Unthinkable: Could an Iranian Missile Sink a U.S. Aircraft Carrier
published 25.06.2020 09:30
More From The National Interest: Where World War III Could Start This Year How the F-35 Stealth Fighter Almost Never Happened Russia Has Missing Nuclear Weapons Sitting on the Ocean Floor How China Could Sink a U.S. Navy Aircraft Carrier On the morning of January 20, 2019, a six-by-six Mercedes-Benz truck in al-Kiswah, Syria crewed by the Iranian Revolutionary Guard Corps began elevating a missile mounted on its back into firing position.
During the Iran-Iraq War, Iran relied upon Soviet Scud-B missile purchased from Libya (20), North Korea (120, plus 150 more post-war) and Syria (12) to retaliate against Iraq’s larger ballistic missile force.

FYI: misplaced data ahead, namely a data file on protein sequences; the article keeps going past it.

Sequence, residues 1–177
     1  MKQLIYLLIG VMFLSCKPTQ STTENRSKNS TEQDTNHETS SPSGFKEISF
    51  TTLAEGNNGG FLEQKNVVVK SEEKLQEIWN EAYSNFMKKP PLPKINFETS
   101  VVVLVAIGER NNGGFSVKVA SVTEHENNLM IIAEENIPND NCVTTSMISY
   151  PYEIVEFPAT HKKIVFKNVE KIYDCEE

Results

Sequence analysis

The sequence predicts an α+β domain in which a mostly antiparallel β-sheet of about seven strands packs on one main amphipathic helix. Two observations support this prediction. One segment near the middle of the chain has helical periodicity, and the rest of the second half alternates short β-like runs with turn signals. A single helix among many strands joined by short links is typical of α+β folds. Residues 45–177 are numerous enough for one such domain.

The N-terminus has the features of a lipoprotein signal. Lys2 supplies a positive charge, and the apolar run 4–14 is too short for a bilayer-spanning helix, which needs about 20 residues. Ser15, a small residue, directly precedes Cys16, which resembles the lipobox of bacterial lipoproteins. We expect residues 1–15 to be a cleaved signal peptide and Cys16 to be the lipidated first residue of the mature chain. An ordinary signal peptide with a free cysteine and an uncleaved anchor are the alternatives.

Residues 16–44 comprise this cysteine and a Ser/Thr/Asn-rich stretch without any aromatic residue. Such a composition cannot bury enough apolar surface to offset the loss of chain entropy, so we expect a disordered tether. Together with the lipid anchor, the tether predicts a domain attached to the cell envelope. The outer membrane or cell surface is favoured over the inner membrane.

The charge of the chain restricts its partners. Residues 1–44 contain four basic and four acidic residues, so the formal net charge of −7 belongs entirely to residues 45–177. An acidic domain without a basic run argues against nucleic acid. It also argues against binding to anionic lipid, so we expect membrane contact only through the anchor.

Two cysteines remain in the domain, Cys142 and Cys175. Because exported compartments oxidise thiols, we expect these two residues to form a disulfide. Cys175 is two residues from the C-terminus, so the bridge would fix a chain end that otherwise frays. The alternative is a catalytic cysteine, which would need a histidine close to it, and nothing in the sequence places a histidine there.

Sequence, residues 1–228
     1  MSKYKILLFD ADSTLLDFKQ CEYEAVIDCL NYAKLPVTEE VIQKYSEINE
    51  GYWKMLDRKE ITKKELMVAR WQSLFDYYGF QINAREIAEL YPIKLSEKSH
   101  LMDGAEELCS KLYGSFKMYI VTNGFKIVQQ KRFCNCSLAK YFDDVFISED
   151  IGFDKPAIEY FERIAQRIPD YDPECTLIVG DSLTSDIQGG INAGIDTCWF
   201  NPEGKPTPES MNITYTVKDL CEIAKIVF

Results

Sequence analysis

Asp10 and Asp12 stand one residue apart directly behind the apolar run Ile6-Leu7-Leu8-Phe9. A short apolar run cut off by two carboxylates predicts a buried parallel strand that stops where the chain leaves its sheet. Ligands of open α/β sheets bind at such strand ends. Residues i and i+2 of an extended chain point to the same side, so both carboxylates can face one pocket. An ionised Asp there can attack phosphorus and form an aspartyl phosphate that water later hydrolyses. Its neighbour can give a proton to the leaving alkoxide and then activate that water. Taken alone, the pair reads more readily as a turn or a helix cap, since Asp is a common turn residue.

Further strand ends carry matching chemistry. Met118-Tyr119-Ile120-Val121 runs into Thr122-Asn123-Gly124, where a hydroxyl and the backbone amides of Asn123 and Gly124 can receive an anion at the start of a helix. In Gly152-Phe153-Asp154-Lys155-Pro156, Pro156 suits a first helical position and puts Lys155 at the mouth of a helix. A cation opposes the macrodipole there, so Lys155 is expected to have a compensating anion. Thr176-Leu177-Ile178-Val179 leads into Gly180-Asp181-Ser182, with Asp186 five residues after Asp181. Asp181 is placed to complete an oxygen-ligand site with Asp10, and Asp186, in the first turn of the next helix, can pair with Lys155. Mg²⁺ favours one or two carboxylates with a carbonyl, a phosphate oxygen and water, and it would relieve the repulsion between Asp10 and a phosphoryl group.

The missiles were launched 370 miles away in Kermanshah, Iran—the first missile strike launched from Iranian territory since 2001.
Finally, on October 1, 2018—a week after gunmen massacred twenty-five in an Iranian military parade—the IRGC launched a third cross-border salvo: six Fateh-110 and medium-range Qiam missiles targeting the ISIS-held town of al-Bukamal, Syria.
The succession of Fateh strikes in the last nineteen months signal a new willingness by Tehran to use its ballistic missiles—both those on home soil and deployed to Syria—to pressure adversaries across the Middle East.